Jeremy Bierbach (1975) is originally from Pittsburgh, Pennsylvania. After graduating from Georgetown University in Washington, DC in 1996 with a bachelor’s degree in linguistics, Jeremy worked as an IT specialist for several years. In 2001, Jeremy emigrated to the Netherlands, and in 2003, he changed his career direction and began studying law at the University of Amsterdam, where he earned a bachelor’s degree in Dutch law in 2006 and a master’s degree in constitutional and administrative law in 2007. Jeremy subsequently worked as a legal advisor through Avocado Legal, where he focused on immigration and European migration law. In January 2014, Jeremy joined Franssen Advocaten and was sworn into the Dutch bar as an attorney, and in September 2015 he successfully defended his PhD thesis in European constitutional law at the University of Amsterdam. A commercial edition of his thesis, Frontiers of Equality in the Development of US and EU citizenship, was published in 2017 by Asser Press. He is a member of the Workgroup for Legal Aid to Immigrants (WRV) and the Specialist Association of Migration Law Attorneys (SVMA).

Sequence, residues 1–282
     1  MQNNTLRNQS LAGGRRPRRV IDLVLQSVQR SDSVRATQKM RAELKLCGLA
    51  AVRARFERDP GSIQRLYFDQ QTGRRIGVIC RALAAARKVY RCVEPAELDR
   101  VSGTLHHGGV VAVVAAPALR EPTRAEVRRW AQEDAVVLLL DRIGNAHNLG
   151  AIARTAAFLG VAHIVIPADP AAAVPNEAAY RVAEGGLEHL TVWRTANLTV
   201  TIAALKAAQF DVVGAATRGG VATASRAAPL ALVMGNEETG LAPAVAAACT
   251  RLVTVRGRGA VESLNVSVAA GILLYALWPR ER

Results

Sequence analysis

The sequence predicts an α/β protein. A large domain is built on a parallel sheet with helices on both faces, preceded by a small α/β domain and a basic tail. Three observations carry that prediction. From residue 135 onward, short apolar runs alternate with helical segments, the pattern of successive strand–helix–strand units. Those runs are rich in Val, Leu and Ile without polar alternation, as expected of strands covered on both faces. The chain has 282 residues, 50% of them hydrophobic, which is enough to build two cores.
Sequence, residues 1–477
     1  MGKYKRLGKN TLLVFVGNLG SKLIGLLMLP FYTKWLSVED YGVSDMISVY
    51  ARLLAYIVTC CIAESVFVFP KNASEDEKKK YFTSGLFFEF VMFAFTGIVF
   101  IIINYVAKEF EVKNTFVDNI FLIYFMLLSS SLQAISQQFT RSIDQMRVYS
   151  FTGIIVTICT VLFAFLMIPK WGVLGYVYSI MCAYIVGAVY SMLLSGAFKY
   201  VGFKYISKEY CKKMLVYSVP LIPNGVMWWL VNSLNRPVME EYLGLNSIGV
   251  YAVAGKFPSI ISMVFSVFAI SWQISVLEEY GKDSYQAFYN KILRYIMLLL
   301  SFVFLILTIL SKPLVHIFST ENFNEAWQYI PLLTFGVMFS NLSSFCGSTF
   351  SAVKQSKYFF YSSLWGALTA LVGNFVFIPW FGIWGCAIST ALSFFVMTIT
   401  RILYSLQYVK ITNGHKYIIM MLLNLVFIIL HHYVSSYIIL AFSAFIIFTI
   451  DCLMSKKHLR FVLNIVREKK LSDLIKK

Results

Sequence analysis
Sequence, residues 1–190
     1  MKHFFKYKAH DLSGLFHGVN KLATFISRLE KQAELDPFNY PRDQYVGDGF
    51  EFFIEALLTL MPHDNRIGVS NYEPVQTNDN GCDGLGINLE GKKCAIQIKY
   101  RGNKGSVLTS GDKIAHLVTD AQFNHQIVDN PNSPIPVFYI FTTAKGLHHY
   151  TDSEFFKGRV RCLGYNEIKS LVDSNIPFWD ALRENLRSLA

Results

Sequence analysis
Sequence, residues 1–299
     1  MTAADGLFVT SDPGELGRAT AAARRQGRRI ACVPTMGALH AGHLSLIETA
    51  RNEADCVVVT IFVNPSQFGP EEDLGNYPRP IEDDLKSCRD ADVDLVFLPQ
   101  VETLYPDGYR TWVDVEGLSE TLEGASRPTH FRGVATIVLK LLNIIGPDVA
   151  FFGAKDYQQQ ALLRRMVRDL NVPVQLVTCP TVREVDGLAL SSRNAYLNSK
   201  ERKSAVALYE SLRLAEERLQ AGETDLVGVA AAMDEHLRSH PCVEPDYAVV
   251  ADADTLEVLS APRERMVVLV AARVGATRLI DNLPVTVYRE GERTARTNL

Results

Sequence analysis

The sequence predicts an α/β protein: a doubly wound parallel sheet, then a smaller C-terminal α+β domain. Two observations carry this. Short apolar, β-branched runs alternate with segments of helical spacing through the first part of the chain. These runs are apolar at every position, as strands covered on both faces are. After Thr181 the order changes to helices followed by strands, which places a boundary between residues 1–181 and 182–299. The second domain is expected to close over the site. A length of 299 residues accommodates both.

His specialty and focus of interest is in invoking norms of international law — EU law in particular — as a source of protection for members of minority groups who are unrepresented or underrepresented in the democratic process: in particular EU citizens, their non-EU citizen family members, and other non-EU citizen immigrants to the Netherlands. He represented two non-EU citizens, P. and S., in challenging the Dutch state on its laws providing for a fine to be imposed on immigrants who do not pass the civic integration exam (inburgeringsexamen) by a set deadline. The underlying questions of EU law were ultimately referred to and decided on by the Court of Justice of the European Union in 2015, establishing important limits on the extent to which immigrants can be penalized without a complete examination of their personal circumstances and needs.